Doing Your Own Divorce – A Cautionary Tale

Divorce is inevitably stressful and in these times of austerity people will often want to settle financial matters amicably and with the minimum of expense. Often they will try to save money by agreing how they are going to divide their assets without consulting a Solicitor.

This presents many potential difficulties.

What does the Law actually say

If you don’t know what the law entitles you to then settling financial matters yourself is very risky. Unfortunately, many people wrongly think they do know what the law says.

Several “big money” cases have been widely misunderstood (largely due to sensationalist reporting in the media) to say that everything has to be divided equally. At best that is a gross over simplification. In most cases it’s completely wrong. Equality is simply the starting point but things such as housing needs, inequality of income and pension assets, disparity in contributions and a variety of other things justify a departure from equality.

In particular, the relevance of pensions (often the biggest single asset in a marriage) is frequently misunderstood. Many people still believe that pensions are “ringfenced” and not capable of being shared. That is not true. What is true is that pensions can only be shared if the Court sanctions an arrangement so an informal arrangement cannot include a pension share.

Even if people do know that pensions can be shared many feel that it is somehow “unfair” to claim against the other party’s pension fund.  Most of them have no idea that in many cases pensions are worth more than the family home. Failing to share pensions fairly can result in an affluent retirement for one party and impoverishment for the other.

A recent Supreme Court case shows that leaving loose ends can come back and bite later on.

Mistakes can be costly

The widely reported case of Wyatt v Vince shows what can happen when the door is inadvertently left open.

Ms Wyatt and Mr Vince were married in 1984 and divorced in 1992. They had few assets at the time and so they didn’t bother to finalise their financial settlement in a court order when they divorced. After the divorce, Mr Vince’s fortunes improved dramatically. Last week the Supreme Court ruled that despite the couple having been divorced for 23 years, Ms Wyatt can now bring a claim against him for a financial settlement arising from their marriage.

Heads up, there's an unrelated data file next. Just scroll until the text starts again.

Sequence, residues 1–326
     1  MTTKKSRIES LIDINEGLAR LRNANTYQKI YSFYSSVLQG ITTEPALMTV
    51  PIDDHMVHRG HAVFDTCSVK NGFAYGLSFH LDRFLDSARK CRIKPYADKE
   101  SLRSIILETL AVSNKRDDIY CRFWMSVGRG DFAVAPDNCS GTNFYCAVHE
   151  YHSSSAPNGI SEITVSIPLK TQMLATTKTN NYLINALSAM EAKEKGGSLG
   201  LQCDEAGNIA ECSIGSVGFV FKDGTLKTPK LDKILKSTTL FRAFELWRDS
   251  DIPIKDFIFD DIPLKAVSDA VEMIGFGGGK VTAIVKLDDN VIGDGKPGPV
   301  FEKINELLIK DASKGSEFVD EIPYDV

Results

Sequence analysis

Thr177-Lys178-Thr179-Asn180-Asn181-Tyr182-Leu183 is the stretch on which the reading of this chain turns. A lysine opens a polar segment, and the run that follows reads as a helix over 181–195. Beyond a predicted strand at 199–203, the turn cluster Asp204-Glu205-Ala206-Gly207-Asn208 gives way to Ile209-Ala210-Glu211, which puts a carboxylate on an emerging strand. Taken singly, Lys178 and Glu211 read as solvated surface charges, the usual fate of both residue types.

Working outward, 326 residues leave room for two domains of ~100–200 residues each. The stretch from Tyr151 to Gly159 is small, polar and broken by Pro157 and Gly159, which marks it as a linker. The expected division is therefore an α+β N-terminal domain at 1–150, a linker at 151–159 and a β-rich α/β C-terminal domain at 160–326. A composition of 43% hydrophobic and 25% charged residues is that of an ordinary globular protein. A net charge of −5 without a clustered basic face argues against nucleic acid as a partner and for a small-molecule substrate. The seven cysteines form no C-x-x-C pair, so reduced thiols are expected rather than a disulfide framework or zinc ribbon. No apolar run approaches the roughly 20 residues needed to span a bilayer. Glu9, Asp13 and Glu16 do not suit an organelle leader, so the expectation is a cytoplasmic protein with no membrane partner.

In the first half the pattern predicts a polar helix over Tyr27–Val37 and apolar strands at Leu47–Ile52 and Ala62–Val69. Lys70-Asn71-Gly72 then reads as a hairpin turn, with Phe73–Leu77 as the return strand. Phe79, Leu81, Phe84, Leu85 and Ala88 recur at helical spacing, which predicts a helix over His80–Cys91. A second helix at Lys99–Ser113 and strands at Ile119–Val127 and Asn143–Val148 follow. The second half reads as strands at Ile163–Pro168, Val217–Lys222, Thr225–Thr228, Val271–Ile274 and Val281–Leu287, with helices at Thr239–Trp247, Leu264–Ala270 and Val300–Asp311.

The amount of the claim has yet to be decided but full account will be taken of Mr Vince’s present financial circumstances not those at the time of the divorce. In other words Ms Wyatt may well succeed in claiming against the wealth that he has generated since they went their separate ways.

Whatever the outcome, the parties have already spent a significant sum on legal fees and will have further large bills before the case is finalised This could all have been avoided if they had made a simple application to Court to have a financial clean break from one another in 1992. How Mr Vince must wish he had expended a modest sum of money all those years ago.

Getting the right advice

The moral of the story is that if you are separating or divorcing, you really can’t afford not to consult a Solicitor.

At BGW we appreciate that money is often tight and we offer specialist advice at a fair price.

If you wish to discuss this further please contact our Family Law Partner Gareth Reynolds.

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